Looking to introduce your Sonic hack or mod to the public at large? Want to put it to the test to see how it stacks among the rest? Wonder no longer as this year’s Sonic Hacking Contest is on track to arrive later this year in late October. This year introduces new guidelines and judges over last year’s event. Make sure to catch up to speed by taking a look at last year’s winning entries and the 2022 trailer showcase.
This year introduces upload limits, three per person, to address issues the community had raised over last year’s event and to ensure that judges are given time to address the community’s inevitably large output for this year. Entries will remain unlimited for team entries and non-judged Expo entries. To help tackle this workload, new judges have been introduced for the three entry types; ‘Retro’,’ 2DPC’ and ‘3D’ Entries. This is to also help ensure fairer evaluation for unique fan projects such as Sonic 3 A.I.R. mods that were introduced last year. The judges participating are subject to change before this year’s contest begins.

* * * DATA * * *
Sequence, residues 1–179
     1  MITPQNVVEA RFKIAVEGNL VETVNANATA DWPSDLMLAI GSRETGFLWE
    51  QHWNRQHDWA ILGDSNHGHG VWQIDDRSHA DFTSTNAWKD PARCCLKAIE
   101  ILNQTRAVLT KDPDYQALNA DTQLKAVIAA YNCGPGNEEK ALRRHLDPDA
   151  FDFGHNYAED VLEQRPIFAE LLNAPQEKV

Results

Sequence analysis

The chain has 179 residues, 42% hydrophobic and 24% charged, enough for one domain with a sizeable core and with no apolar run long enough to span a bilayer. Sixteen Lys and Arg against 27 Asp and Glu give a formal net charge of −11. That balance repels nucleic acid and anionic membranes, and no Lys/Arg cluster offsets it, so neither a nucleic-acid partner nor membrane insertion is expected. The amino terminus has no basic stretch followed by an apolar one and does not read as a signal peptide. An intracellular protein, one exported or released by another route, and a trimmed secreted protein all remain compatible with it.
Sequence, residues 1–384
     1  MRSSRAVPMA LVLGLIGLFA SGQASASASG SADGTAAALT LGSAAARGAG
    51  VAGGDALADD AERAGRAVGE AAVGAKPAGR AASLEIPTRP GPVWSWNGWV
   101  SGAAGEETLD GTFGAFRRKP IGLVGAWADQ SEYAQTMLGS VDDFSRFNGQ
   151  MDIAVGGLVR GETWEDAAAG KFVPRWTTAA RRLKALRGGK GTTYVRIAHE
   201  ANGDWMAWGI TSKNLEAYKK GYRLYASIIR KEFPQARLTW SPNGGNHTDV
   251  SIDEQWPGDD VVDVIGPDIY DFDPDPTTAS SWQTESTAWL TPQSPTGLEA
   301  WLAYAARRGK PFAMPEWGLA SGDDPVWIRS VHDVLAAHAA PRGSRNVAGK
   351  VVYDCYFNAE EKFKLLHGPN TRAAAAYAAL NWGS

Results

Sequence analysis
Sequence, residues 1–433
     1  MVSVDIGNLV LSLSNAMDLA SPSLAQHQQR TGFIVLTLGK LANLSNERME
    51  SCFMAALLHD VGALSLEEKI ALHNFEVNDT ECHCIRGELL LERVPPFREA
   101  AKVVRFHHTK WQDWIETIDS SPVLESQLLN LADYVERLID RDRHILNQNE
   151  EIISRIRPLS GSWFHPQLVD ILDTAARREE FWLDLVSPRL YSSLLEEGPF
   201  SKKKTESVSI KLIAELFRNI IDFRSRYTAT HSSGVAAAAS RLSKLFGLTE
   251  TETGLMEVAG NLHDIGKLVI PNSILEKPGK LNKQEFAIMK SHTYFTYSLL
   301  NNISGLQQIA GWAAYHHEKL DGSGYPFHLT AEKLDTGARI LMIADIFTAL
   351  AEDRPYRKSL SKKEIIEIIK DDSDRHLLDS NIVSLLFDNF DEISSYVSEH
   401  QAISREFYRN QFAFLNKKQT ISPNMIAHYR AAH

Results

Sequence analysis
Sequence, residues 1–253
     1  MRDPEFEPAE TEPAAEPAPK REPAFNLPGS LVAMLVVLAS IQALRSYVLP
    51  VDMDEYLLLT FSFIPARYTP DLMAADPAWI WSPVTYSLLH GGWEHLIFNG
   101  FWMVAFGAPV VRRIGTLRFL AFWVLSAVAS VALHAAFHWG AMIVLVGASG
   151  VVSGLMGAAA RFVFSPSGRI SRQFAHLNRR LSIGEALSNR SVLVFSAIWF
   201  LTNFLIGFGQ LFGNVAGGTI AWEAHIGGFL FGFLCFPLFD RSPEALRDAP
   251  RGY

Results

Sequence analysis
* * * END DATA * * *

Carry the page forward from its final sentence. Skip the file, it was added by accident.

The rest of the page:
In the wee hours of the morning, the official Sonic the Hedgehog social media account woke up and went “hey, let’s talk about Sonic Origins.” After eleven months of near radio silence, they posted a trailer complete with Hyper Potions music, the English and Japanese websites went live, and everyone suddenly woke up to talk about it.
So, what do we now know about Sonic Origins? Let’s go through it after the jump. Continue Reading
Once upon a time, a man named Simon Wai came across a prototype of Sonic the Hedgehog 2. Not only did it include lost and unused content, it was a window into the development process of one of the most celebrated games of the franchise. Sharing it with the Sonic Internet community, this discovery inspired an entire generation. Not only to wonder, to dream of things they could create, but to also research into the history of the Sonic franchise, and preserve it for future generations.